The word “believe” is prominently displayed throughout seventeen-year-old Emily Koesters’s home. And for good reason: at age four she was diagnosed with Schimke Immunoosseous Dysplasia (SIOD), which is a rare genetic, life-threatening dwarfism disease with an average life expectancy of nine years old. The disease is so uncommon, Emily is only one of about nine children in the country and about 50 worldwide who are currently known to have it. But despite surviving a kidney transplant, two occurrences of lymphoma, and undergoing 55 surgeries, Emily soldiers on with unwavering faith, a positive attitude, and the desire to constantly help others.
That passion to believe is evident with Emily’s family too. Her parents, Erin and Joe, and her younger sister, Taylor Jo, all fight for Emily’s continued survival as well as the survival of other SIOD patients. It’s been a journey that started from the day Emily was born. She experienced numerous developmental difficulties as a newborn and toddler that were all thought to be a result of her having been born eight weeks prematurely. It wasn’t until her kidneys started failing and Joe donated one of his kidneys for a transplant that the Koesters realized there was more to it than just having been a preemie.
Even though the transplant was considered a success, Emily spent the next two and a half years at the University of Nebraska Medical Center fighting one battle after another, including lymphoma, twice. After conducting genetic testing, the SIOD diagnosis was finally discovered in 2009. “It wasn’t the answer we were looking for, but at least it was an answer,” Erin said. Symptoms of the disease include kidney failure, stroke, infection, all of which Emily has had.
Classified under the Spondyloepiphyseal dysplasia-SED type of dwarfism, yet Emily’s rare genetic dwarfism disease suggests it is a type of SED all its own. The Koesters connected with a family in Tulsa, OK, whose five-year-old son also had SIOD. That family had founded a non-profit called Little Giants, and the Koesters quickly became involved with fundraising efforts. Shortly after, the family’s son passed away and it was difficult for them to keep running the Foundation. So, in 2014 the Koesters took over Little Giants.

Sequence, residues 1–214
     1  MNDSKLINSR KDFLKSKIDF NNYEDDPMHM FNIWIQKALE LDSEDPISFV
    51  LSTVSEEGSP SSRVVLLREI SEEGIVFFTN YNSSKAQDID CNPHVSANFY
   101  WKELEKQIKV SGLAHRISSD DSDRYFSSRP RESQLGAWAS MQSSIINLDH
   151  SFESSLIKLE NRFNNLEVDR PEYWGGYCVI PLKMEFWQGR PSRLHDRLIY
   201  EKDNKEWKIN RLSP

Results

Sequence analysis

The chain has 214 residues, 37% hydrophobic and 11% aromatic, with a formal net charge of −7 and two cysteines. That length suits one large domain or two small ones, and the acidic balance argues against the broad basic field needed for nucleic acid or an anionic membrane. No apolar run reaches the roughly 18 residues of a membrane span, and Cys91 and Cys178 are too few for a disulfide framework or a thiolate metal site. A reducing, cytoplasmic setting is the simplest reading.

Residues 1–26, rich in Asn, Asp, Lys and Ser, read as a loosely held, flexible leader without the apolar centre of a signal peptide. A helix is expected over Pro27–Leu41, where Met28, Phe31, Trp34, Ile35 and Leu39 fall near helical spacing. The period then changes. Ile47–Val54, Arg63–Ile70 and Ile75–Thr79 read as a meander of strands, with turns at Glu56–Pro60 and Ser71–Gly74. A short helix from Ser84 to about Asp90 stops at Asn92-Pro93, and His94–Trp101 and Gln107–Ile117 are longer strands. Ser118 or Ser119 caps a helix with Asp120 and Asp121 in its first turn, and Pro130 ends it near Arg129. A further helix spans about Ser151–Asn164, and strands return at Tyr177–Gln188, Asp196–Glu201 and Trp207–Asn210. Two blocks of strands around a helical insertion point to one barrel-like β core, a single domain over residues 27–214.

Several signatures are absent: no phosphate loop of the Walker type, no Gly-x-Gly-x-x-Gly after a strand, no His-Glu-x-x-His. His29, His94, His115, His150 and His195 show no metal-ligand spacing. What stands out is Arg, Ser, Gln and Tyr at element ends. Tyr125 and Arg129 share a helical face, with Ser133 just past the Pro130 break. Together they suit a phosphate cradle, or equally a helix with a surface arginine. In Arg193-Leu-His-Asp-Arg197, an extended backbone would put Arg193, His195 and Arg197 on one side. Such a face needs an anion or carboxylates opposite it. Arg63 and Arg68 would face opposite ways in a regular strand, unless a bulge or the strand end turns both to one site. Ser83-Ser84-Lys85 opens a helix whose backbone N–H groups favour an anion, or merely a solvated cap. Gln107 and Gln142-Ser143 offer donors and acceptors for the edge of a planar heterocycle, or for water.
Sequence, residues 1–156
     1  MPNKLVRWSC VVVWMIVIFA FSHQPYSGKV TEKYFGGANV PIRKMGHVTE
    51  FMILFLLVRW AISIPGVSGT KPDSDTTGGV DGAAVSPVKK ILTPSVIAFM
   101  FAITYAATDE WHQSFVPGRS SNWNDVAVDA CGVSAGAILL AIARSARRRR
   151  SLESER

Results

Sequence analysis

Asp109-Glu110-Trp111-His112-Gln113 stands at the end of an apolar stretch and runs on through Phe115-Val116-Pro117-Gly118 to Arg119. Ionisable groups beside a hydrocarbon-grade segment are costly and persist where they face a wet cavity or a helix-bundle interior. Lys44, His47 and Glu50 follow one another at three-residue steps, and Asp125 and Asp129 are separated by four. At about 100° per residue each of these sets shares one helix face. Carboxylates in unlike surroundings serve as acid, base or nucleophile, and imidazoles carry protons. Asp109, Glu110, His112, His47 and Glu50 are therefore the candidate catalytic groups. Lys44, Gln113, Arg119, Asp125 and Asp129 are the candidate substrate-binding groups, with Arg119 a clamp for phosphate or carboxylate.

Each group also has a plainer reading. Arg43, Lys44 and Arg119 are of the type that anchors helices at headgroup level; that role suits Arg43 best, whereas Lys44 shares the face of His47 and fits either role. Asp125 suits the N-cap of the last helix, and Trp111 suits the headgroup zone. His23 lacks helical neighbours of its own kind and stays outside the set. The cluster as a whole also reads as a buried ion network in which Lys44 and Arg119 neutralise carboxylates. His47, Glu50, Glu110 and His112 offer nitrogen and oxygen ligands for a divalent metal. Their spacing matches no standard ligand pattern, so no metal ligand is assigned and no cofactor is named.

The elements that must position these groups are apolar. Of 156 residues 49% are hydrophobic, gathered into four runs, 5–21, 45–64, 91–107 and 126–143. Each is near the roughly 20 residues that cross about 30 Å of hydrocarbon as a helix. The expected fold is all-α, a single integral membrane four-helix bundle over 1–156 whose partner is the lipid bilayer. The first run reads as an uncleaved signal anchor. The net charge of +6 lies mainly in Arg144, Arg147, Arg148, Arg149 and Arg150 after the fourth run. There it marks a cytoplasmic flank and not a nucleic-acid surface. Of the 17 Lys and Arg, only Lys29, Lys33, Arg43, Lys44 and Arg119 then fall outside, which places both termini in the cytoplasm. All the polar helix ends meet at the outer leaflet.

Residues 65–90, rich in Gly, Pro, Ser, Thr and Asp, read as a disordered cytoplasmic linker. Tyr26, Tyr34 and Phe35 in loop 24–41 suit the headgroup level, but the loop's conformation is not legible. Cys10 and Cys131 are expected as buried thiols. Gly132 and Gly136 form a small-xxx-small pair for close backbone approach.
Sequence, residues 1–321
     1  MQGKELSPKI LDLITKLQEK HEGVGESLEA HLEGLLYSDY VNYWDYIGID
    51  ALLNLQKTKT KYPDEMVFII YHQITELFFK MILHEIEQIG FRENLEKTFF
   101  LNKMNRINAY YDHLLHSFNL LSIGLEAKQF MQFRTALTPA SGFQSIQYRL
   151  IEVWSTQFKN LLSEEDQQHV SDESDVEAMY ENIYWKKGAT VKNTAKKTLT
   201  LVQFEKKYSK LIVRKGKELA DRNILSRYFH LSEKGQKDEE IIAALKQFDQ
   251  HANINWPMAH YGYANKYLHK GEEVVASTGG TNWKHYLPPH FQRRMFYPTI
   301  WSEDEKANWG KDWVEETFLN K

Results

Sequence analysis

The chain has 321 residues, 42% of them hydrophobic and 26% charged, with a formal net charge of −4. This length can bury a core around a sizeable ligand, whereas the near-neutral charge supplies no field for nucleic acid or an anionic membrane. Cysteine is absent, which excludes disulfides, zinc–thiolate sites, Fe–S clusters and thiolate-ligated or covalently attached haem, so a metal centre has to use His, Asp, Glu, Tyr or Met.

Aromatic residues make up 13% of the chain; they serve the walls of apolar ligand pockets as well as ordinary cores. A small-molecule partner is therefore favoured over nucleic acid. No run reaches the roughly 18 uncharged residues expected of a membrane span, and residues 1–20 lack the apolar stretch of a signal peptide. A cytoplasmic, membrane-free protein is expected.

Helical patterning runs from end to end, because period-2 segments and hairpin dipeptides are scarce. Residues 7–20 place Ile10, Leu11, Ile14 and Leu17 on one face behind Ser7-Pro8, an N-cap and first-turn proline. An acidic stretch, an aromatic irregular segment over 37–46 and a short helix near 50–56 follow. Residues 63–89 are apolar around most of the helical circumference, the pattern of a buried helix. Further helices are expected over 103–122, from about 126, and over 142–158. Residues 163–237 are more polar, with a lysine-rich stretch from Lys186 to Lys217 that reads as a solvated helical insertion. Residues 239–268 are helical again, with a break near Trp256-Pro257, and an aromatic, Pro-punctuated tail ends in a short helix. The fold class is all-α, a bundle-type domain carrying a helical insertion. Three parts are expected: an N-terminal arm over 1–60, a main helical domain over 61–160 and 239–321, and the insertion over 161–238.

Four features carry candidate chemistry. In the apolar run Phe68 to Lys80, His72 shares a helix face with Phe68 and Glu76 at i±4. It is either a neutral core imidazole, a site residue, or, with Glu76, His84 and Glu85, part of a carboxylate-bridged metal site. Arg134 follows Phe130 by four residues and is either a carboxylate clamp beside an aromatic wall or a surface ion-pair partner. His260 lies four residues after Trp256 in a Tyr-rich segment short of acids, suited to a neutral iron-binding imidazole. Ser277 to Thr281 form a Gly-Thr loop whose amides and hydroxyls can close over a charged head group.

“We didn’t want to see it go away,” Erin said. “We wanted to carry on the mission, raise awareness, and have Emily become the new face and voice of SIOD.” With so few cases and many doctors not even aware of the disease, it seemed like a huge undertaking. But the Koesters found a key advocate who had been following Emily for years via another geneticist—a researcher at Stanford University, Dr. David Lewis, dedicated to understanding SIOD. Erin said his work is not only leading to treatments for SIOD, but it’s also helping people with other immune-suppressive diseases. Nearly every dollar raised by Little Giants goes toward that ground-breaking research. “Dr. Lewis and his team have a photo of Emily in their lab so they know who they are helping, and they truly care,” Erin added.
When a child is diagnosed with SIOD, they often find their way to Erin and Little Giants through an online search. She directs them to Dr. Lewis, acting as a liaison between the family and the research lab at Stanford. She also serves as a personal connection and open line of communication to support the family. “I’m always trying to grow and build and help more families,” she said.
Little Giants holds several fundraisers throughout the year. This fall was the 7th Annual Little Giants Farm Run. Even though Covid-19 forced the run to be virtual, it still raised almost $5,000. Every July Little Giants holds a blood drive, which honors Emily as the Gretna Hometown Hero. For every pint of blood that is donated, the Nebraska Community Blood Bank gives money back to Little Giants. Former Governor Heineman declared February 10th as Little Giants Day, and Erin hopes to hold a “Share Your Heart” event in honor of that as well. Although Covid has put a damper on many events, Erin said it’s also had its blessings. “It’s really opened up opportunities for what we can do. Every year we try to do something new anyway, so this is no different.”
Paying it forward is a big part of the Foundation’s mission. Emily’s “comfort pillows” are a passion project for the family. Her grandmother from Iowa sews pillows and their covers that they donate to Children’s Hospital and Medical Center, UNMC, and Madonna Rehabilitation Hospital so patients can use them for physical and emotional support. They send them to other SIOD patients and hope to offer them to senior living centers for Alzheimer’s patients as well. “It’s our way to share love,” Erin said.
Emily has touched the lives of so many with her story, including some celebrities. Nebraska comedian Larry the Cable Guy sponsored the run one year and visited Emily at her house. Country band Sugarland also fixed and autographed Emily’s guitar. “It stinks [having this disease] but I got to meet Rodney Atkins last year,” Emily said. She also got to pet a cheetah, which was a thrill for someone who is a large cat lover.
Erin admitted that sometimes she forgets how foreign the disease is to everyone else because they live it every single day. But she never tires of sharing Emily’s story because it may inspire someone. “Her just being here is amazing,” she said. “She’s so positive, and her resiliency is amazing. Her experiences teach others, not just about the disease but about being a warrior. She’s very humble as well. Emily is doing great today, but it’s been a rough journey.”
Emily has already defied all odds with her incredible survival, and the Koesters stress living your life to the fullest capacity each and every moment. “Even though only nine children have SIOD in the country, that’s still one too many,” Erin added. Every dollar that Little Giants raises is one step closer to prolonging Emily’s life. And that alone is worth believing in.